One of the ways I earned those holes in the college jeans was on a volunteer trip to South Africa. It started as one of those romanticized, “I just want to travel” kind of situations, but I was broke and unable to justify traveling for leisure’s sake. So I decided to embark with a group of women on a donation-sponsored, two-week mission to give of our time and hearts to helping others. What I didn’t expect was how much this trip would teach me about real life.
I was in culture shock for most of it: this mortality I had only brushed shoulders with once,
at my Grandmother’s passing, seemed to be well recognized here. But as we kept company with wonderful people of different languages, homes, and tiers of wealth, we learned so much of what we all have in common—like campfires, informal soccer, and a love of good cinema. I learned that even on the other side of the globe, God is the same and transcends all contexts. I learned that travel for travel’s sake might have been aiming too low.
In the same way, our chasing a feeling of experience without a depth of experience can cheapen our form and cause to miss out on what really grounds and frees us. Our fear of the unknown can keep us from going deeper in life, so what we need to remember is that our trials can shape us for the better.
Be the nostalgia you wish to see in the world.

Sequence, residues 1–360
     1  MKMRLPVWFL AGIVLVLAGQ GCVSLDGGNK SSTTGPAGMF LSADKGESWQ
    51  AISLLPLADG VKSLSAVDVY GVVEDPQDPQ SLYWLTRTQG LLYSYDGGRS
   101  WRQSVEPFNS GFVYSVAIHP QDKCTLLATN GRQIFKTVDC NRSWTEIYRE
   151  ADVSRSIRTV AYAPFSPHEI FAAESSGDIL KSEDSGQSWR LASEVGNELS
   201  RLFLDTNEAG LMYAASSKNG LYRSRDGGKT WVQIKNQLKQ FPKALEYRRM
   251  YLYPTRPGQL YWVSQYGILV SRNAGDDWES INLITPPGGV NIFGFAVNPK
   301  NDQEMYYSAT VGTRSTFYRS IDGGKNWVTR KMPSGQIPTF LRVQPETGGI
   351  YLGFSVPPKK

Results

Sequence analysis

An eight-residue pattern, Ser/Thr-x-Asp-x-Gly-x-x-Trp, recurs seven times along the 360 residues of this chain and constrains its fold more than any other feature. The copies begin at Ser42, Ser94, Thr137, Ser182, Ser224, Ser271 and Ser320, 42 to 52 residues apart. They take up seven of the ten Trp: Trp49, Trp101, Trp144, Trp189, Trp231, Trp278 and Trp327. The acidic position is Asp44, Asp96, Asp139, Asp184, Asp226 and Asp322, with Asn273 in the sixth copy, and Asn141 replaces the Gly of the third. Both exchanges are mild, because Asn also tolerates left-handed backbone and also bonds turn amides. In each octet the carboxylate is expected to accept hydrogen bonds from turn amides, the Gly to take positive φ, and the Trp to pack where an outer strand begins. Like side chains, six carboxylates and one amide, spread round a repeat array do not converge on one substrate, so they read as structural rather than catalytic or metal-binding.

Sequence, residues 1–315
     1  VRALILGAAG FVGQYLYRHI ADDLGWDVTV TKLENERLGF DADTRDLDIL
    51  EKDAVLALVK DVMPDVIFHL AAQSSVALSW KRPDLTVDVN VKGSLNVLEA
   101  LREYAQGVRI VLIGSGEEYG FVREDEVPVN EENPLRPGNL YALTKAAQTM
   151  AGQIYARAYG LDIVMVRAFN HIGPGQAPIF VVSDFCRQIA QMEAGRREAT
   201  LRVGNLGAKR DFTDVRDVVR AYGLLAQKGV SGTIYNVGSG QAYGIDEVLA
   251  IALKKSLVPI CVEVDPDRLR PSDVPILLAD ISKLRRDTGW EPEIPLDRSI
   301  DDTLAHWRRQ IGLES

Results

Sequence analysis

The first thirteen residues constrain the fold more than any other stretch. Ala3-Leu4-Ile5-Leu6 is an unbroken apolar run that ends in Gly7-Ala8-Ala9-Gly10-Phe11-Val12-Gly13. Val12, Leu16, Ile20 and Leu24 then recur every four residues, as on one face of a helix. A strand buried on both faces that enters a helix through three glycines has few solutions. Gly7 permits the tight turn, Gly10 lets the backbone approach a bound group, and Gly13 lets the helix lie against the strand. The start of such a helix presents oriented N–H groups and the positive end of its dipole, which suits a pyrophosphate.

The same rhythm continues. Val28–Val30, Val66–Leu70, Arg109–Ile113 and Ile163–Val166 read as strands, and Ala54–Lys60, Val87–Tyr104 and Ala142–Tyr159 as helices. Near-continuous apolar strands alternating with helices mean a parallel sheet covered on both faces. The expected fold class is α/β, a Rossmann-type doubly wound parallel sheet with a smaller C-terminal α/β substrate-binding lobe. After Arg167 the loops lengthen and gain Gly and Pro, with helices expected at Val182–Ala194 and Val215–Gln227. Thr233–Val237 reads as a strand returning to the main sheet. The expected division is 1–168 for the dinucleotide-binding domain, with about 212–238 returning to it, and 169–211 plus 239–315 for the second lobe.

Let's be honest about this: true patina develops under conditions of distress. Sure, my Grandpa grew up in what we sometimes view as an idyllic time, but he also lived through plenty of wars and even served in one. Whether it's natural aging or more acute weathering, your patina is proof that you've been through something. Though there is beauty in it, there is also a painful side, which we forego entirely with factory-made ambiance.
We tend to ascribe value to things from other worlds. That’s okay because it teaches us to pursue the meaningful, wherever it can be found. I own an Underwood typewriter that reminds me of the “good old days,” when the writing experience was more tactile, even musical. In my house, it’s a symbol of quality and inspires me as a writer. Our generation is drawn to authenticity, so it’s no wonder we latch onto objects like this. But there’s a new trend surfacing: we are bringing back durable goods of our own design, and it is so exciting.
When it comes to how we furnish our homes, I say, “Pin away.” Be creative, economical, and purposeful. But in the raw, unadorned parts of life, don't be afraid to trudge through. Though there is no shortcut through our difficulties, the grit with which we travel through life is what forms our etchings.
My Grandpa doesn’t try to drip with charm. He just does. His persona is the result of a time when Americans spoke more eloquently, made better products, and went about life with a bit more leisure. Our current trend of “looking back”—to handwritten letters, copper pots, and firewood boxes—speaks to what our generation admires. What are those things of value that we wish we could carry with us into the present? If we can incorporate enough of the things we find worth holding on to, and even make some of them ourselves, perhaps someday a future generation will be looking back to us for cues.